traversing Europe before finishing high school in Colorado Springs.
Although the duo was worlds apart early in life, their upbringing and
musical influence aren’t much different.

always had a big influence in my household,” Aja, 27, says. “I think we
were always musical. My parents listened to all types of different
music, so we were exposed to a lot of different things. Hiphop was
always played in our house amongst other things, like The Police, Steely
Dan, The Eagles, James Brown and all kinds of different stuff. In my
house, there was no shame in singing or dancing. It doesn’t really
matter how good you are or how bad you are, everybody does it, so there
was always a comfort with those kinds of things.”

up in Europe, most of the guys in my neighborhood were break dancers,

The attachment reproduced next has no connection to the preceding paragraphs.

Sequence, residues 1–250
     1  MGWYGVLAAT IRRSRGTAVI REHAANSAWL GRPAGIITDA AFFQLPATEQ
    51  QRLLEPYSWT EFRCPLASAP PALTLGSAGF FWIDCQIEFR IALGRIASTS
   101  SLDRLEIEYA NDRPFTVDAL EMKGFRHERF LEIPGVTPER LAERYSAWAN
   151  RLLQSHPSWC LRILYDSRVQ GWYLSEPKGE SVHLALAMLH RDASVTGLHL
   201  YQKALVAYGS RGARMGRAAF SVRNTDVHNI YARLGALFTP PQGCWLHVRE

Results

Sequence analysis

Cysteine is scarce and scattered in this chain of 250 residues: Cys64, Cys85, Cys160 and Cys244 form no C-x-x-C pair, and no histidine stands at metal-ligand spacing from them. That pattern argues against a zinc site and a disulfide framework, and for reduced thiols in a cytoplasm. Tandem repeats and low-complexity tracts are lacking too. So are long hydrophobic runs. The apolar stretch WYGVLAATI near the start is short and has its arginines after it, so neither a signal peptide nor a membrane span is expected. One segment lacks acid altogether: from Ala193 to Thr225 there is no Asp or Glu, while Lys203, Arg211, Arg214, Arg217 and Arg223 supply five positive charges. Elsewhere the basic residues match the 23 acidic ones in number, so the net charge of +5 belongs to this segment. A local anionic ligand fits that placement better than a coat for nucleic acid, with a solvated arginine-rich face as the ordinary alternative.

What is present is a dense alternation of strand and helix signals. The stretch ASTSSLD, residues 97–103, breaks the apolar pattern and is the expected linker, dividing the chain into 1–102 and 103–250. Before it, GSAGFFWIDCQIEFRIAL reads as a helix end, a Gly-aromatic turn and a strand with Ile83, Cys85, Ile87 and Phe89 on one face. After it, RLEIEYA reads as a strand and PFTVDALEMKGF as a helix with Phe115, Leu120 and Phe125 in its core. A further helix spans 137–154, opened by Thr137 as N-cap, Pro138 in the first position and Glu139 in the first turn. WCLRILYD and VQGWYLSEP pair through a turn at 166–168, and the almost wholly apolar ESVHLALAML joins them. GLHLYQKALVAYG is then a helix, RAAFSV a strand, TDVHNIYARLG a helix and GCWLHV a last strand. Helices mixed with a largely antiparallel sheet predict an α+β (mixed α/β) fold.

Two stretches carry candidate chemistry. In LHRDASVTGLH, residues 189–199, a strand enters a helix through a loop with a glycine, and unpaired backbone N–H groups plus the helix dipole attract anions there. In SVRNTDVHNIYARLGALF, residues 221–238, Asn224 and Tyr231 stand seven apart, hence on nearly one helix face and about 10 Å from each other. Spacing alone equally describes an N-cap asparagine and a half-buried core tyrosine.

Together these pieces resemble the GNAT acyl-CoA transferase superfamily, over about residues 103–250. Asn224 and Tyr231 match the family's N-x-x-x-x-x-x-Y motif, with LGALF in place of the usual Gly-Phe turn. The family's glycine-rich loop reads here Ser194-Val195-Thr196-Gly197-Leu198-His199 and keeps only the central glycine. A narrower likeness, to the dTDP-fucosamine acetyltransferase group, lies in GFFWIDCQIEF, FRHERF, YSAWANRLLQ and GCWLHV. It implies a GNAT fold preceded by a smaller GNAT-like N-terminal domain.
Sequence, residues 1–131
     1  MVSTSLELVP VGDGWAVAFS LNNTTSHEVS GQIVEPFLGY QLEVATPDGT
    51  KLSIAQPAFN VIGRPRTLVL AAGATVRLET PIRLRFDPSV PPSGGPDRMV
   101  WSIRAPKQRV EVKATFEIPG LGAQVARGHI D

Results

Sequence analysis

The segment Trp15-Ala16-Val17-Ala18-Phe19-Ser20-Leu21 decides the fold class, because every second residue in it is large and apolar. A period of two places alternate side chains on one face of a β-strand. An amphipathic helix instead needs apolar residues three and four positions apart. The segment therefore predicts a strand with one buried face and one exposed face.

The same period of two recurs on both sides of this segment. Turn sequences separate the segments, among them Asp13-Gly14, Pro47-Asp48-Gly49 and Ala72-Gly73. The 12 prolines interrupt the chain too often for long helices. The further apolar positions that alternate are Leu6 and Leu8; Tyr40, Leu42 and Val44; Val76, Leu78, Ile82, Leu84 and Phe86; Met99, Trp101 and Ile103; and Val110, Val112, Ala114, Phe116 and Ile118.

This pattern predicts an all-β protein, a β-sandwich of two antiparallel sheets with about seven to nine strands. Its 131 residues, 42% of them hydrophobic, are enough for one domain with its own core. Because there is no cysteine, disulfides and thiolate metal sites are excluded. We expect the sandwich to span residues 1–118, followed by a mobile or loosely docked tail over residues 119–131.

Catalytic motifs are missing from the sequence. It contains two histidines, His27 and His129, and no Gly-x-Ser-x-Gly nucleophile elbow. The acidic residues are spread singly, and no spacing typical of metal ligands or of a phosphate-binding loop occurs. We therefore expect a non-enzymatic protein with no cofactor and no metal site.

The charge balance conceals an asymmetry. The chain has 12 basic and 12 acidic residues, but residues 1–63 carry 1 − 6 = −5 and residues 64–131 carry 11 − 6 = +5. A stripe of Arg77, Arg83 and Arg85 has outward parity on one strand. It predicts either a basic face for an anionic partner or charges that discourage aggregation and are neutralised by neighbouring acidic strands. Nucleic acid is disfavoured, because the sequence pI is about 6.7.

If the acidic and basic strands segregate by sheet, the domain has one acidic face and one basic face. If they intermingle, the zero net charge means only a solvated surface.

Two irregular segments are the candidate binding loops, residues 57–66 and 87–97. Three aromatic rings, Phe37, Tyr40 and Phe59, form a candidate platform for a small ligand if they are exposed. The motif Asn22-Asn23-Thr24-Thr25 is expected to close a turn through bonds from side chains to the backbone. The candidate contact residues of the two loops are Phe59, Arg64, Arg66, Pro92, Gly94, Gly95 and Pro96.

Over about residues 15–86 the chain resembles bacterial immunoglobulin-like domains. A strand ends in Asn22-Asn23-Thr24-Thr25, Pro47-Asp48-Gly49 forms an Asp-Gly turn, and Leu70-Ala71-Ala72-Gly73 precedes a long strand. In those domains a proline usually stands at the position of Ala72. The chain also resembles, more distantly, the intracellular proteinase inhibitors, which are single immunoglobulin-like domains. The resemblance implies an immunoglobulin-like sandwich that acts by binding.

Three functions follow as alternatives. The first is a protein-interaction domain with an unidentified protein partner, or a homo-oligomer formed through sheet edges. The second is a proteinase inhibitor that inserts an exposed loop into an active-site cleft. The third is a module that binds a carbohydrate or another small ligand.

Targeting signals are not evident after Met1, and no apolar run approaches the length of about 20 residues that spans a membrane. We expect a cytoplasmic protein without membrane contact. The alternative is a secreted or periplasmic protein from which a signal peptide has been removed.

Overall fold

so I used to follow them and try to do the steps they did, the graffiti
art,” Samir adds. “My mom would rock some hip-hop; of course, I was into
the heavier stuff like NWA and Eric B. and Rakim. So I’ve been into to
it since I was 11 years old. As far as really being active, by the time I
was 16 or 17, I started writing my own stuff.”

Samir arrived in the Springs, just finishing up high school, he founded
hip-hop group Accumen with his brother-in-law and DJ Skip Ripken. The
group had a strong buzz during the early 2000s after releasing their
debut album, doing shows around the state, trying to break through. And
while Samir was trying to make his mark on Colorado hiphop, Aja was
working on a degree at Florida A&M, where she dove into the spoken
word and hip-hop scene. The duo, strictly platonic at the time, kept in
touch throughout the years and started making music together once Aja
graduated and moved back to the Springs.